I wish the conference every success.
With all good wishes,

Nguyen Thi Binh
1 July 2002

Translation: Vietnam Red Cross Society

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Opening Remarks to the Conference
Prof. Nguyen Trong Nhan
Head of Vietnamese delegation, President of the
Vietnam Red Cross and former Minister of Health

On behalf of the Vietnamese delegation to the conference I wish to extend to all of you our warmest greetings of solidarity, friendship and co-operation.
We are delighted to attend this conference organized in Stockholm, Sweden by scientists, social activists, international non-governmental organizations (including those based in the United States) that sympathize with the people of Cambodia, Laos and Vietnam, and support their legitimate wish to overcome the grave consequences of the decades-long war.
Millions of tons of bombs, tens of million litres of toxic chemicals were dumped on the lands of peoples aspiring to independence, freedom, peace and friendship.
Everyone witnessed the triumph of truth: Victory belonged to the people of the three countries of Indochina.
In peacetime, the people of Vietnam, as well as those of Cambodia and Laos, have been and are reconstructing their homelands, improving standards of living, integrating into the region and developing relationships with many countries of the world.
But even in time of peace, the accidental detonation of unexploded ordinance left behind after the war is a tragic cause of deaths and casualties for tens of thousands of innocent people, including many children.
An estimated one million victims of Agent Orange live in deepest misery and distress. Many victims have died in silence. Generations of innocent children born to the victims directly exposed to Agent Orange are suffering from serious birth defects, deprived of a normal human existence.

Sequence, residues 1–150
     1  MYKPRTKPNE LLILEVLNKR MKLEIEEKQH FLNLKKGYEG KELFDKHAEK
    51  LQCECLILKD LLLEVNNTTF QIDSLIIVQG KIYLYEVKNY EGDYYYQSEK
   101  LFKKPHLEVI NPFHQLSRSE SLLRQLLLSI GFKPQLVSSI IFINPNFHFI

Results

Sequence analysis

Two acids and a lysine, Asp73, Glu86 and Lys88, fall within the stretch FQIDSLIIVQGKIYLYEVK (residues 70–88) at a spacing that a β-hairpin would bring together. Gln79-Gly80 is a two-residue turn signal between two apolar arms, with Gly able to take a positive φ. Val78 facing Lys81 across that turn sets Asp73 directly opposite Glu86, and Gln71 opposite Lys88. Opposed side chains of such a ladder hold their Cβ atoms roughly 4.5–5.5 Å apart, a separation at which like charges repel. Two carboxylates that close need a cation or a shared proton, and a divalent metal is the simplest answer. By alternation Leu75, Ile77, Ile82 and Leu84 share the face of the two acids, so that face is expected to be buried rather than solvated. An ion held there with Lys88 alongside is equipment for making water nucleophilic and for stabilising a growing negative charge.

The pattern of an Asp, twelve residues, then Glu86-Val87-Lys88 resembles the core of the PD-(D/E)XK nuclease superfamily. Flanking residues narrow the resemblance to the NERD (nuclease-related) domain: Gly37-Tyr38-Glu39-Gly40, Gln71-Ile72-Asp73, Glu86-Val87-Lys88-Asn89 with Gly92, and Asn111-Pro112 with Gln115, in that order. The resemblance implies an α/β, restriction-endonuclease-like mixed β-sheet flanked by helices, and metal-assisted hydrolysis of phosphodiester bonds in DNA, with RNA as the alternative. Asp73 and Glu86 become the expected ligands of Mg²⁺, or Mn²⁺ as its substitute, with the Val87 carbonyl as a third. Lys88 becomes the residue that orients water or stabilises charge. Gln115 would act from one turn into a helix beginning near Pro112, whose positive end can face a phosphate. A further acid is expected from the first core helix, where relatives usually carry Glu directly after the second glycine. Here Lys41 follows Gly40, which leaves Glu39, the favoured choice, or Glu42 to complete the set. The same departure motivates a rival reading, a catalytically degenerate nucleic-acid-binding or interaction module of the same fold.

Moreover, vast areas of forest have been damaged, agricultural lands have been rendered non-cultivable.
All that is greatly hampering the reconstruction process of the country.
Conscientious people around the world understand quite well the responsibility of the U.S. government for the serious problems in the aftermath of the war in Vietnam, Laos and Cambodia. Ordinary citizens in the United States are also concerned about their government's standpoint in this regard.
Faithful to their tradition of tolerance, the people of Vietnam are ready to leave behind the bitter past and look to the future in order to cooperate and assist each other. But we cannot ignore the United States' responsibility to help resolve the war of aggression's long-term effects on the people and the environment.
Some may feel that since the war in Vietnam ended 27 years ago, it is best not to dwell upon it. But let me remind you that, still today, criminals from World War II are being hunted down and put on trial-- and that war ended 57 years ago.
While attending the Annual Convention of the American Red Cross in May of this year, I happened to come across a leaflet entitled "For many, World War II is not over".
I strongly believe that the dark past can only be overcome if the U.S. government develops sufficient courage to begin resolving the serious consequences of the war.
I trust that the spirit and objectives of our conference will be fulfilled, because they are in accordance with the ethics and consciousness of all people of the earth.
I sincerely wish all of you good health, happiness and a fruitful outcome.